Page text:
How Google and the Big Tech Companies Are Helping Maintain America’s Empire


Military, intelligence agencies and defense contractors are totally connected to Silicon Valley.

Silicon Valley has been in the media spotlight for its role in gentrifying and raising rents in San Francisco, helping the NSA spy on American citizens, and lack of racial and gender diversity. Despite that, Silicon Valley still has a reputation for benevolence, innocence and progressivism. Hence Google’s phrase, “Don’t be evil.” A recent Wall Street Journal/NBC News poll found that, even after the Snowden leaks, 53% of those surveyed had high confidence in the tech industry. The tech industry is not seen as evil as, say, Wall Street or Big Oil.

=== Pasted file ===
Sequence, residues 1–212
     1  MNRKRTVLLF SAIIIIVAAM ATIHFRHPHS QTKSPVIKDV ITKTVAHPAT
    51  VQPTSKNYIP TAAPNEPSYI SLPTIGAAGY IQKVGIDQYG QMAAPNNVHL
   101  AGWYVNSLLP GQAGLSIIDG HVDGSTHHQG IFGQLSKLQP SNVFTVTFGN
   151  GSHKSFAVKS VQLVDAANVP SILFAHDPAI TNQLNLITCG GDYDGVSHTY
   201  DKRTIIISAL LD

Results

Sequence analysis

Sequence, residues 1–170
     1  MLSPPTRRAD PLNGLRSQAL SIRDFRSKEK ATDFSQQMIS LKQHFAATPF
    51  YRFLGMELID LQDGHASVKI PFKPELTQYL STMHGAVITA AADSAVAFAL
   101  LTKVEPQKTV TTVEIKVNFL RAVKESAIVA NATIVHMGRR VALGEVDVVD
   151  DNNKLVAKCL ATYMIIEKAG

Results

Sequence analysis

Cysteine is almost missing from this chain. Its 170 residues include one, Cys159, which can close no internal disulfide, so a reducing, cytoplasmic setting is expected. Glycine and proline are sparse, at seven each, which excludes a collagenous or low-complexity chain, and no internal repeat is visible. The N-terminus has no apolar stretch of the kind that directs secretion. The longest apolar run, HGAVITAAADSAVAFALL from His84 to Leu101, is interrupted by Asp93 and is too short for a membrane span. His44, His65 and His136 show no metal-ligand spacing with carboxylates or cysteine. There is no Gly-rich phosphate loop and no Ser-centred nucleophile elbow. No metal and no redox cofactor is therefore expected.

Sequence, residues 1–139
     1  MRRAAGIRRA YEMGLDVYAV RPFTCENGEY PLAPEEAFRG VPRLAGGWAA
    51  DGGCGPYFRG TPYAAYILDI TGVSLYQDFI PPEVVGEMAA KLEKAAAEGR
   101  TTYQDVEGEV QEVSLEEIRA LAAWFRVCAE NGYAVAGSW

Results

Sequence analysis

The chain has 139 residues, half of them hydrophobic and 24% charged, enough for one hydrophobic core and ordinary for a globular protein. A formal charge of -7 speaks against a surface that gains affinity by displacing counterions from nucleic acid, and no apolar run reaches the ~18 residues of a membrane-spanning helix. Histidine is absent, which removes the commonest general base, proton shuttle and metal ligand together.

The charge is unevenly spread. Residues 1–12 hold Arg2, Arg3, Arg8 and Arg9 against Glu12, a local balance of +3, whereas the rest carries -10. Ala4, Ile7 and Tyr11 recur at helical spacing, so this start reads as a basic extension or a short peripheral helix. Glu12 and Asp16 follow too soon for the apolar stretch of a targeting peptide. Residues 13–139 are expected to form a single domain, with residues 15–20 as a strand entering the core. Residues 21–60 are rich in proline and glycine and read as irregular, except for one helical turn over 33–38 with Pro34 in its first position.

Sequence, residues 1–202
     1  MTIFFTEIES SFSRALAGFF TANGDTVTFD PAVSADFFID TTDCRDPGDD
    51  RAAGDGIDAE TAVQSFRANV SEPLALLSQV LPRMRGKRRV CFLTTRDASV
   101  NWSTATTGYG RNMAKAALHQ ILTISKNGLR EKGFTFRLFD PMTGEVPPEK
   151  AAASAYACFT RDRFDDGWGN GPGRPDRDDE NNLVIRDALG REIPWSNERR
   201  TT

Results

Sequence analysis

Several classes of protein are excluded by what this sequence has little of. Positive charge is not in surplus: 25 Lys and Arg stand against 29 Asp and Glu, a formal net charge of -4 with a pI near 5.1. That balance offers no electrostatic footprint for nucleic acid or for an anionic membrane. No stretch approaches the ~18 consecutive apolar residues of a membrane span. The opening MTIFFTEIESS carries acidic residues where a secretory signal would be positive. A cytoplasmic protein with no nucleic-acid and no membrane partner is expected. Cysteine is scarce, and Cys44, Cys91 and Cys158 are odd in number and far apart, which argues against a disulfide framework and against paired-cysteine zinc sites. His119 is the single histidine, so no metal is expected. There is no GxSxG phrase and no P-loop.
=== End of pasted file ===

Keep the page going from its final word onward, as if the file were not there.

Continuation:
One aspect of Silicon Valley that would damage this reputation has not been scrutinized enough—its involvement in American militarism. Silicon Valley’s ties to the National Security State extend beyond the NSA’s PRISM program. Through numerous partnerships and contracts with the U.S. military, intelligence and law enforcement agencies, Silicon Valley is part of the American military-industrial complex. Google sells its technologies to the U.S. military, FBI, CIA, NSA, DEA, NGA, and other intelligence and law enforcement agencies, has managers with backgrounds in military and intelligence work, and partners with defense contractors like Lockheed Martin and Northrop Grumman. Amazon designed a cloud computing system that will be used by the CIA and every other intelligence agency. The CIA-funded tech company Palantir sells its data-mining and analysis software to the U.S. military, CIA, LAPD, NYPD, and other security agencies. These technologies have several war-zone and intelligence-gathering applications.